History of Advertising in Nepal
There are no records of any kind that tell us about the origin and history of Nepali advertisements. The earliest form of advertising may thus be taken as the trumpet blowing tradition of kings and maharajas to disperse royal messages. The advent of Mass Communication in Nepal can be said to have been through such official proclamations, which were usually accompanied by the use of musical instruments like drums or trumpets. The age-old oral tradition of promotion by vendors selling their wares in the market can also be taken as another early form of advertising.
The roots of formal advertising can be traced back to a printed advertisement that appeared on the back cover of a book called Moksh Siddhi in 1919 B.S. The advertisement taken out by Manoranjan Press, Thahiti, promoted their various publications. The next instance of a Nepali advertisement on print is found in 1945 B.S. when Gorkha Bharat Jeevan brought out advertisements on the cover of Gorkha Hasya Manzari, published by the Gorkha Bharat Press, Banaras, India.
With time, improvements were made in media and communication services and Nepali advertising followed suit. It can be safely said that the milestones, and spurts of progress in the advertising sector have coincided with the developments in mass media. The start of Gorkhapatra in 1958 B.S. is not only a landmark in the field of Nepali media but can also be taken as the real start of Nepali advertising.
While Gorkhapatra Sansthan can be attributed as having initiated regular print advertising, another publication major, Kantipur Publications deserves credit for taking print advertisements to another level through full colour printing. The use of colour opened up new possibilities, and as a result, major progress was made by the advertising sector.
With the national daily Gorkhapatra churning out advertisements on a regular basis, the advertising sector caught momentum, and the next major development came in the form of an advertising agency, Laxman Upadhaya’s Nepal Advertisers. The main objective of the agency was to publish flashy and attractive advertisements in the print media. Three years later, following in the footsteps of Upadhaya, Keshav Lamichane started Nepal Printing and Advertising Agency owned by Keshav Lamichane. This agency held the accounts of prime clients like Janakpur Cigarette Factory, Royal Nepal Airlines Corporation and Nepal Bank Limited.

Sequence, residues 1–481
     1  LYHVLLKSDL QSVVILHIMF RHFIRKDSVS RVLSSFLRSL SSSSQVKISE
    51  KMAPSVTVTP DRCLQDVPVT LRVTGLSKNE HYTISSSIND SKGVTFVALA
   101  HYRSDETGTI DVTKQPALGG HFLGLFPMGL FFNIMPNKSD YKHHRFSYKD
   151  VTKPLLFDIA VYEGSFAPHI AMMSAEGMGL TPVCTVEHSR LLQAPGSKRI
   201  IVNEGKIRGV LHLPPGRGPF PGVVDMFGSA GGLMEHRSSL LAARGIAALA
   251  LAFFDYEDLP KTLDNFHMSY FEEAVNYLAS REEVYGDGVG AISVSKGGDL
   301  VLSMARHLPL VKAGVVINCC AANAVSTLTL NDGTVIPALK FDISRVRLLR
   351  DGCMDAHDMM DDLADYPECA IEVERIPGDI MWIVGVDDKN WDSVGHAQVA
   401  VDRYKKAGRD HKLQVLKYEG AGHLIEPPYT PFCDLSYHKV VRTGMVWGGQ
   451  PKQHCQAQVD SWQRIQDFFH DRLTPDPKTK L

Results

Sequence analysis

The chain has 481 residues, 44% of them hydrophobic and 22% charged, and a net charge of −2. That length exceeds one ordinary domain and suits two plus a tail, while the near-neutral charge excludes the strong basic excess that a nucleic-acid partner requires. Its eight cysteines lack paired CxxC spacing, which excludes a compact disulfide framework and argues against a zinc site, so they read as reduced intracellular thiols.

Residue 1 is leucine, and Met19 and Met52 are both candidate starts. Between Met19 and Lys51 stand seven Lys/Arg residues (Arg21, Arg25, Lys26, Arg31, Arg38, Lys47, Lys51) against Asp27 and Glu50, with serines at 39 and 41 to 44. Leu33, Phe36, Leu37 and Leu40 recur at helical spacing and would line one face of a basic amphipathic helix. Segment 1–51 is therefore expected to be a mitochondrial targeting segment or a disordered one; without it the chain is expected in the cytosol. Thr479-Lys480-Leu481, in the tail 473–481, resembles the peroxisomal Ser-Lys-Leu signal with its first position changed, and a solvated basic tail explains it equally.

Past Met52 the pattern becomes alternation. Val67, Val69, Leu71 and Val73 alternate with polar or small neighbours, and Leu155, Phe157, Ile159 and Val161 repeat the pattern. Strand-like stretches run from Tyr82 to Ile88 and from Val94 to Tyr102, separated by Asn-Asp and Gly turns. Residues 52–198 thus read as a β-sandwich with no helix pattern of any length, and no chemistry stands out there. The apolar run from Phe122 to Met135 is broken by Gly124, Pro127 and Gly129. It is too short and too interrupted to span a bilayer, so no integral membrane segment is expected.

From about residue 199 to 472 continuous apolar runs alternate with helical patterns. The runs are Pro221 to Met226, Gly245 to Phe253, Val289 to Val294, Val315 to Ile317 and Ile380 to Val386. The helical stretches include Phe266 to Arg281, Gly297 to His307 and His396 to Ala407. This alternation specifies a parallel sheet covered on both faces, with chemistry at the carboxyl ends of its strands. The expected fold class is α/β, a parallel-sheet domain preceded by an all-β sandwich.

Nepal got a taste of yet another medium of mass communication through the introduction of radio broadcasting in 2002 B.S. Instituted by Prime Minister Padma Sumshere and run by Kashi Raj Pande fro a powerhouse of Nepal Electricity Corporation in Tundikhel, the service was shortlived, and was discontinued due to protest from other Ranas.
Regular radio broadcasting commenced on Magh 17, 2007 B.S. with the start of Nepal Radio (now Radio Nepal). It initially did not offer advertising services, and due to the lack of reliable records, the presence of advertising content in the later years cannot be ascertained. The real impetus for radio advertising however came after private FM stations came in operation in 2047 B.S. A new trend began with stations like Hits FM creating advertisements in house, and effectively mixing their program content with advertising content.
With the start of regular TV transmission by Nepal Television on Poush 14, 2042 B.S., a new era dawned in the context of Nepali Media. But unlike print and radio, the ushering in of TV did not bring about any dramatic changes or growth in the advertising sector, possibly due to various resource and technical constraints.
The start of private TV channels have added to the choice of content before the viewers, but the medium is as yet a little charted domain as far as advertising possibilities and opportunities are concerned.
The current age is one of convergence, and no medium is complete by itself, unless complimented by other media and technologies. The Nepali advertising sector, if it has to one of the future, has to look beyond petty interests, and move towards larger gains and ideals. Changes have to come in perception, work ethics, methods and technologies. The sector has moved ahead by leaps and bounds, but the situation is far from perfect. The sector is better organized then in the past, though there remains a lot to be desired. Professionalism is still lacking, and compromise, creatively and otherwise seems to be the rule of the day, due to the size of the market or the nature of the client and the general public.
The Nepali market is miniscule in comparison to other markets in the world, but it holds tremendous scope for improvement and growth. Nepali advertisements have broken free from the local realm, and stand tall amongst other international creative effort. Given the inherent constraints, Nepali advertisements are comparable, if not better, with international advertisements.
TV is a virtually unexplored territory and so is the Internet, and there still is scope improvement on print and radio. The path ahead is challenging, but Nepali advertising is looking ahea...